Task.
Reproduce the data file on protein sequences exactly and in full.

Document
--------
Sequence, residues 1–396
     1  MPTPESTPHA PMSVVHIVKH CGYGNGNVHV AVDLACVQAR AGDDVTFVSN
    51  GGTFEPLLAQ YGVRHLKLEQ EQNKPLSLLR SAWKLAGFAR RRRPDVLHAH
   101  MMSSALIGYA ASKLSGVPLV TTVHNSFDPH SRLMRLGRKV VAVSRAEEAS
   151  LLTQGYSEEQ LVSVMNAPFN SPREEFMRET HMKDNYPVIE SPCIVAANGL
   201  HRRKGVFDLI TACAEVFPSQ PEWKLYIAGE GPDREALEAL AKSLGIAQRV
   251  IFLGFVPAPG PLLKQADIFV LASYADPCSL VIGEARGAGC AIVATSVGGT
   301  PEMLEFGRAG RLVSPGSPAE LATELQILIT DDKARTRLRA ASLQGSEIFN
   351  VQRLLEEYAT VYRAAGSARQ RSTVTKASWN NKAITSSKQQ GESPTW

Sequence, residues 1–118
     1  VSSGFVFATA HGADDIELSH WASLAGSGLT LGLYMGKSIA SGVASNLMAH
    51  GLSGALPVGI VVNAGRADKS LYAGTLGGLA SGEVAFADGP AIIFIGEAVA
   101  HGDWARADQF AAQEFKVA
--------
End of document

Sequence, residues 1–396
     1  MPTPESTPHA PMSVVHIVKH CGYGNGNVHV AVDLACVQAR AGDDVTFVSN
    51  GGTFEPLLAQ YGVRHLKLEQ EQNKPLSLLR SAWKLAGFAR RRRPDVLHAH
   101  MMSSALIGYA ASKLSGVPLV TTVHNSFDPH SRLMRLGRKV VAVSRAEEAS
   151  LLTQGYSEEQ LVSVMNAPFN SPREEFMRET HMKDNYPVIE SPCIVAANGL
   201  HRRKGVFDLI TACAEVFPSQ PEWKLYIAGE GPDREALEAL AKSLGIAQRV
   251  IFLGFVPAPG PLLKQADIFV LASYADPCSL VIGEARGAGC AIVATSVGGT
   301  PEMLEFGRAG RLVSPGSPAE LATELQILIT DDKARTRLRA ASLQGSEIFN
   351  VQRLLEEYAT VYRAAGSARQ RSTVTKASWN NKAITSSKQQ GESPTW

Sequence, residues 1–118
     1  VSSGFVFATA HGADDIELSH WASLAGSGLT LGLYMGKSIA SGVASNLMAH
    51  GLSGALPVGI VVNAGRADKS LYAGTLGGLA SGEVAFADGP AIIFIGEAVA
   101  HGDWARADQF AAQEFKVA